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PAWS bring Youth Culture Forever stateside

Buzzy Scottish trio expands on love and loss with second album

On PAWS latest album, Youth Culture Forever (FatCat Records), the Glasgow, Scotland, trio excels at setting heartbroken, angst-ridden tales against toe-tapping pop-punk — a juxtaposition of moods that has long been a staple of rock 'n' roll. Talking about the formula takes PAWS singer and guitarist Phillip Taylor to a specific tune from the British canon: "Ever Fallen in Love" by the Buzzcocks. "That's the most horrible song lyrically. It's so sad. It's basically the worst heartbreak, but it's done in such a jovial, 'fuck it' manner," Taylor says. "That kind of thing appeals to me a lot; the idea of taking the awful and turning it into something a bit more positive."

That's a solid summary of Youth Culture Forever, the second full-length from this fast-rising trio rounded out by drummer Josh Swinney and bassist Ryan Drever. Like PAWS' 2012 debut, Cokefloat!, the new album is a landscape of buzzy, mid-fi guitars and Taylor's irresistible melodies delivered in brief, bracing blasts.

Unlike Cokefloat!, however, Youth Culture Forever showcases PAWS' dynamic range providing respite from the noise-pop blitz. That was the idea when the band entered the upstate New York studio of Adam Pierce (Mice Parade percussionist and head of FatCat's U.S. operations) with more than twice as much time to record as the hurried session for the debut. "We all said initially that we wanted to ... make it slower and faster than the first one and louder and quieter all at the same time," Taylor says. "There are moments of loud and quiet and fast and slow on the first one, but we didn't feel like there was enough contrast between those moments."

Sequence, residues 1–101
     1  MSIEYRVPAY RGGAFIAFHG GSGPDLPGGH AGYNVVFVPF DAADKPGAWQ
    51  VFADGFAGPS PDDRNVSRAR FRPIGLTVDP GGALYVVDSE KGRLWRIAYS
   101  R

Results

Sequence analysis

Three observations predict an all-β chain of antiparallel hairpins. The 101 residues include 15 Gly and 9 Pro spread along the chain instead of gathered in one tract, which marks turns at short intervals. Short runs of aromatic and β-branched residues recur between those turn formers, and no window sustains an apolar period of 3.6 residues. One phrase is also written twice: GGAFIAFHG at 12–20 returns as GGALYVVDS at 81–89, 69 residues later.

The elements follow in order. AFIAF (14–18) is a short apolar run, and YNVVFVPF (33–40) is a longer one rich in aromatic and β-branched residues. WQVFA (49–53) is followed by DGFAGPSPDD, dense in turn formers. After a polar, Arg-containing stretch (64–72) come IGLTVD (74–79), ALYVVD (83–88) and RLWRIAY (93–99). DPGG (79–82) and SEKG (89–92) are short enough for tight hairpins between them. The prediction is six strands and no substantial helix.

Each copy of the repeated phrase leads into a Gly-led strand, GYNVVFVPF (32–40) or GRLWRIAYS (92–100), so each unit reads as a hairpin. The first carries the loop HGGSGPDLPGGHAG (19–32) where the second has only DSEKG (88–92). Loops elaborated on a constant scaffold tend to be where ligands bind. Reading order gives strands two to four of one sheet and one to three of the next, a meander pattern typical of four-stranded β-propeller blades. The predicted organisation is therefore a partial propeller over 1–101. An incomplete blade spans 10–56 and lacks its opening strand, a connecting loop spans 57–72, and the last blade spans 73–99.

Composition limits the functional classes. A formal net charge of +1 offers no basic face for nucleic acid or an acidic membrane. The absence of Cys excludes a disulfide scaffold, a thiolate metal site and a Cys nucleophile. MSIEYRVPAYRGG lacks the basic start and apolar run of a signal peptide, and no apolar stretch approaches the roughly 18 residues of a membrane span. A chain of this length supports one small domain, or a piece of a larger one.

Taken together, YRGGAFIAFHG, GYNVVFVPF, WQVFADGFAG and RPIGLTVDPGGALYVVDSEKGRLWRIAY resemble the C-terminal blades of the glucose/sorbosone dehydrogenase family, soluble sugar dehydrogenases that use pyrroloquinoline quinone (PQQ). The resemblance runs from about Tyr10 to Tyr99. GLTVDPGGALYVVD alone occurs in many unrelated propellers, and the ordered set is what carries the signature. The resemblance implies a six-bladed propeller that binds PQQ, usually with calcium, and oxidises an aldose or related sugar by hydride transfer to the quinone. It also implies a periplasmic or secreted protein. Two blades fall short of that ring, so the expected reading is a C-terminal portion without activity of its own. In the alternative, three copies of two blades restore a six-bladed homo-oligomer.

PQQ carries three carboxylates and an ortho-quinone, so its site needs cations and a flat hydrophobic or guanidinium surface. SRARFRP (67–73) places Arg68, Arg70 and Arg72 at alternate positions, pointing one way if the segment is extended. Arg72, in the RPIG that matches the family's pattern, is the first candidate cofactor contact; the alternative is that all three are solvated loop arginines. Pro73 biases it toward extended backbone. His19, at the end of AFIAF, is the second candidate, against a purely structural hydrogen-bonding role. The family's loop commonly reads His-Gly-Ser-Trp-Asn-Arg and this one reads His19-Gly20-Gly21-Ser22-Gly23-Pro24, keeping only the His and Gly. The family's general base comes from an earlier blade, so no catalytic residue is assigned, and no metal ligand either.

PAWS' efforts pay off in songs such as "Erreur Humaine," which shifts from a walking-paced waltz to the caustic roar of an electric guitar. "Owl's Talons Clenching My Heart" chimes and charms its way through a more reserved groove. There's also "Alone," an aching ballad that blooms into an orchestral coda, and the rambling 12-minute closer, "War Cry," which ascends into Pavement's jammiest territory before collapsing in a heap of feedback.

Other songs such as "Tongues," "Someone New," "Give Up," and "Narcissist" are perfect nuggets of punky indie-pop that show why Taylor is one of the genre's most promising and restless minds. "My worst fear is doing the same thing twice," he says. "I would hate to have come out with an album that sounds like the same formula as the first one."

Don't expect PAWS to turn out a concept record or a collection of story songs anytime soon, though. Taylor has tried "many times" to write a song that's "just about nothing," but he can't do it. At this point, his source material is day-to-day life, love and loss, and the people around him. "I'm drawn to amazing music about falling in love and being happy and stuff like that, but at the same time maybe I just haven't really experienced that side of it all that much to know how to write about it coherently and confidently," he says. "These songs have all just kind of stumbled out of a strange place."